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Friendly Gut Bacteria Lend A Hand To Fight Infection, Study Suggests

Immunology researchers at UT Southwestern Medical Center have found that bacteria present in the human gut help initiate the body's defense mechanisms against Toxoplasma gondii, the parasite responsible for toxoplasmosis.

Toxoplasmosis is generally a mild infection, but it can have serious and potentially fatal effects in pregnant women, their fetuses and others with weakened immune systems.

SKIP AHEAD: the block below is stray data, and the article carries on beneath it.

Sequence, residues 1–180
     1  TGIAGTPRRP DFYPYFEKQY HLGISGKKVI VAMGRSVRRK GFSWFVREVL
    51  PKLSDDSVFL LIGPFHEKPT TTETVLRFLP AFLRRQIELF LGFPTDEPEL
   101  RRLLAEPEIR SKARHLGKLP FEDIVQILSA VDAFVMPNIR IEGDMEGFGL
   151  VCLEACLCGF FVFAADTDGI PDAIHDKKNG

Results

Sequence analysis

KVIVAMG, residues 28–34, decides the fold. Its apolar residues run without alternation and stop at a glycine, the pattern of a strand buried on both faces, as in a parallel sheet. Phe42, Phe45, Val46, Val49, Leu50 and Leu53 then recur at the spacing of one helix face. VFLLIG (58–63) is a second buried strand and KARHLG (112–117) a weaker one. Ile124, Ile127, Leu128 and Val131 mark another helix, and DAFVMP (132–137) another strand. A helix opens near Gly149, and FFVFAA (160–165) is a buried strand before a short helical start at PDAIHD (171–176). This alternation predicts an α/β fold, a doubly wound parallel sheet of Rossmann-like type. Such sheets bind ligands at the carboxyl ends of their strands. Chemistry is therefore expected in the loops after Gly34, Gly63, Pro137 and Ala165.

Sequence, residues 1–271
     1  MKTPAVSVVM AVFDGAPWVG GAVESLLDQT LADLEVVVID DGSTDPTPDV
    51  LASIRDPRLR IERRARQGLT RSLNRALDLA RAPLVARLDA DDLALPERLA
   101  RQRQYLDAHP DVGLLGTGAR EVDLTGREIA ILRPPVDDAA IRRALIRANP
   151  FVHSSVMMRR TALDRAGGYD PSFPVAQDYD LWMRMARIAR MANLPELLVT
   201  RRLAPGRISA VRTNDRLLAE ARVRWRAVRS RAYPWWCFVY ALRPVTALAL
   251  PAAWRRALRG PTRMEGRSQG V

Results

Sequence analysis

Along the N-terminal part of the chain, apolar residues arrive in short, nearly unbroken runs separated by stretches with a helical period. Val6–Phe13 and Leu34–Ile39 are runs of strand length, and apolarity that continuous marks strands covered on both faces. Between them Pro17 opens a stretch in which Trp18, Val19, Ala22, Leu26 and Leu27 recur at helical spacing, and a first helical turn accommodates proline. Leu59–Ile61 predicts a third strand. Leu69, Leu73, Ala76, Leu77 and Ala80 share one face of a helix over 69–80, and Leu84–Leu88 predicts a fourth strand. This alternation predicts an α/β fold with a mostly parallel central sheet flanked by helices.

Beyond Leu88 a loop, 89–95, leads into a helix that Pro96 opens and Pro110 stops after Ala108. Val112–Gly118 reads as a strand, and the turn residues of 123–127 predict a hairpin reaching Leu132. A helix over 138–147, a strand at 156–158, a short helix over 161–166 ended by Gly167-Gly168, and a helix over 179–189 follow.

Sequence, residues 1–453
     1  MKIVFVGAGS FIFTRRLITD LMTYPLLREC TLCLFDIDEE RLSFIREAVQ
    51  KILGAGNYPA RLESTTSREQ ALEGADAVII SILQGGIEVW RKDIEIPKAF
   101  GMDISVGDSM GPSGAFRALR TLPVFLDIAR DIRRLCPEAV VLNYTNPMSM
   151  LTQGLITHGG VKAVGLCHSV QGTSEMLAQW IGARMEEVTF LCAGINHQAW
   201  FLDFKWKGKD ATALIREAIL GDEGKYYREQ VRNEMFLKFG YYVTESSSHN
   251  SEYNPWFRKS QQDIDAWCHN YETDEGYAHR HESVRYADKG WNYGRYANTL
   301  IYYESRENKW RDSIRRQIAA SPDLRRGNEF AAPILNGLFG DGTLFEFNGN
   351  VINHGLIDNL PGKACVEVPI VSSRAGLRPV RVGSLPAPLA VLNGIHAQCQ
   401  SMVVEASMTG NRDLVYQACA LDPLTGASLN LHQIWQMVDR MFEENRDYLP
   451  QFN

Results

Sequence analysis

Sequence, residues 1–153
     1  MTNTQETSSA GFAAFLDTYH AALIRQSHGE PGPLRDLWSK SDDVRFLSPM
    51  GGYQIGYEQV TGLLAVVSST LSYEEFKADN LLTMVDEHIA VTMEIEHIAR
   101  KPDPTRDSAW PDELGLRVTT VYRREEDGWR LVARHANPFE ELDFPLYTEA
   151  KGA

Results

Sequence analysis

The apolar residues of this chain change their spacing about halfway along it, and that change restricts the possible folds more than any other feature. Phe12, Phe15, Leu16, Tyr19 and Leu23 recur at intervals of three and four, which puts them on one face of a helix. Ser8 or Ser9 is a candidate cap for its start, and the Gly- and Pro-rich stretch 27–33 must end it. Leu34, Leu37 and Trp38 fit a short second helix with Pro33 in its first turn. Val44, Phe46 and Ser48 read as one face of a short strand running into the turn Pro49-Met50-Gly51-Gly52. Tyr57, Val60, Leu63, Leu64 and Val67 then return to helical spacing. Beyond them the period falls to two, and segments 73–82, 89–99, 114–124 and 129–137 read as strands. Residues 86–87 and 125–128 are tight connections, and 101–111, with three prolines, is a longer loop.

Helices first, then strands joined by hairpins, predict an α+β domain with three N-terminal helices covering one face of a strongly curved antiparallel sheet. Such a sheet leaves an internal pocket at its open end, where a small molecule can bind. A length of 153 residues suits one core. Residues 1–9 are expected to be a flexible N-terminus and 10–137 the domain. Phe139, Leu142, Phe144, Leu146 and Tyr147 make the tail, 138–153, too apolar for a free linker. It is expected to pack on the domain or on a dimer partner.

In mice, T gondii directly activates a specific immune protein in the host, called toll-like receptor 11 (TLR-11), which helps control the animals' immune response to the parasite. Humans, however, don't have an active form of this receptor. Exactly how the body senses T gondii has remained unclear because the parasite doesn't activate any of the functioning toll-like receptors that humans do possess.
 
 

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